Gerontology Major Named Valedictorian For Class of ‘11

Trudy Rowe is a natural-born smiler and these days she has even more reasons to up the wattage. She has just been named valedictorian of the Class of 2011.

Rowe, a York student from the island of Barbados, has completed her Bachelors degree in Gerontology a year early and is now fielding offers from graduate schools such as New York University and Rutgers University and Hunter College.
She boasts a near-perfect grade point average (GPA) and wants to study Gerontological Social Work and return to her homeland to serve the senior population there. She worked hard to maintain a good academic record.

“I cried,” she recalls of the drop in her GPA from a perfect 4.0 to somewhere in the high 3.9s due to a lone A-. “Hey, I’m an overachiever and those minuses can really mess you up,” she says.

She has enjoyed both the class work and the research aspects of the Gerontology program. The choice was inspired by her late grandmother. 

“I love the population of geriatrics,” she says. “I love the seniors. My granny helped raise me. Without her I would not have been around elderly people and she opened up my eyes to seniors. I will always be indebted to that population.” 

Una Ifill died in 2009 at the age of 92; but her granddaughter believes she will be “smiling down” on her on graduation day. However, Grandma Ifill’s smile from the beyond will be joined by the smiles of living family members such as her aunt, Marcia Callender, with whom the young scholar has been living; her parents, Don and Baneta Rowe and her sister, Kerry and toddler niece, Wynter are all coming from Barbados for the exciting event.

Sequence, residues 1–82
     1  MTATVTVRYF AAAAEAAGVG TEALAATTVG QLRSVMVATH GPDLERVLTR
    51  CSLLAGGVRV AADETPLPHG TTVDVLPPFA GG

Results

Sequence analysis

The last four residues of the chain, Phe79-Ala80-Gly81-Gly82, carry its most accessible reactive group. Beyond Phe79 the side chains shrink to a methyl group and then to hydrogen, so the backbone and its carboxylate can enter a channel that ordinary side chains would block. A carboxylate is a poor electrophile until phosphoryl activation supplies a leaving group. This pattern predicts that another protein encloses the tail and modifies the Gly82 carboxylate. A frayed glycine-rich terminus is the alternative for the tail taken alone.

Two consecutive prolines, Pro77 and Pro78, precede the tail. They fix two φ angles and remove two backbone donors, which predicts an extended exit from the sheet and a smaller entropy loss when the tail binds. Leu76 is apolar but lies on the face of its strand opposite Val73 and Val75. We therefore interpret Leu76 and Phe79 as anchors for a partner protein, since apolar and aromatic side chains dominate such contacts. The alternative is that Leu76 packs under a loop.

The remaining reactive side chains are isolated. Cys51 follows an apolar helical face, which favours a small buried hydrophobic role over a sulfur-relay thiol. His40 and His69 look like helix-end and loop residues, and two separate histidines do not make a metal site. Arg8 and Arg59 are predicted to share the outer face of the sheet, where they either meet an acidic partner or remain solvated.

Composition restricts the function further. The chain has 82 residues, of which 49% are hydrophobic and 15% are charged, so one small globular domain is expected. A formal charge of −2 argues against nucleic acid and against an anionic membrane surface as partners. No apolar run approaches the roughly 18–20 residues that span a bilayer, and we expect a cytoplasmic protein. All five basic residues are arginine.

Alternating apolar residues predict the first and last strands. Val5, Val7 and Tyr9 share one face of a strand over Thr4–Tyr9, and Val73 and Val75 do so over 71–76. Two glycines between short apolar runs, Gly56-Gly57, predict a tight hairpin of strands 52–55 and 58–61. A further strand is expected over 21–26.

Rowe has always known what she wants and how to chart her course. Growing up “right in the flight path” of Gemswick, St. Philip, Barbados, Rowe in her late teens, took a job with Virgin Atlantic Airlines to help support her college goals, which actually started in Barbados. Disenchanted with their refusal to let her into the Geriatrics program saying she was “’too young’” she “walked away” after only one semester and with the support of her parents, came to York. 

She says she was nurtured not only by a loving grandmother, but her hard working parents whom she calls her, “stable force” and the ones who prepared her for success. 

“I think my parents’ purpose in life is to be great parents and they have been that,” she says. “God gives you everything from your inception.” 

As for her professors at York, Rowe also believes they are God-sent. “The professors at York have been angels around me,” she says. “I wish more students would reach out to faculty. They will welcome them with open arms. 

Among those “angels,” Rowe lists Dr. Linda Rose Barley, Dr. Charlene Lane and Dr. Susan Letteney. 

“I had the pleasure of working with Ms. Trudy Rowe on a project about the "Cultural Obligations Related to HIV Disclosure to Children in the Global Context," says Dr. Letteney. “As a research assistant on a PSC-CUNY grant, she helped me to conduct a comprehensive literature review for this project. For her Honors Program thesis project Trudy studied a variation of this project, the "Cultural and Religious Factors Related to HIV Disclosure to Family Members." In February 2011 she presented a peer-reviewed poster of her findings at the annual meeting of The Society of Cross-Cultural Research in Charlotte, SC where she was the only undergraduate student presenter.” 

Letteney added that Rowe impresses her as someone with a bright future. “She is a dedicated and diligent future researcher,” she says. “As Gerontology major she will be recognized by the Social Science Department as an Emerging Scholar in Social Work.

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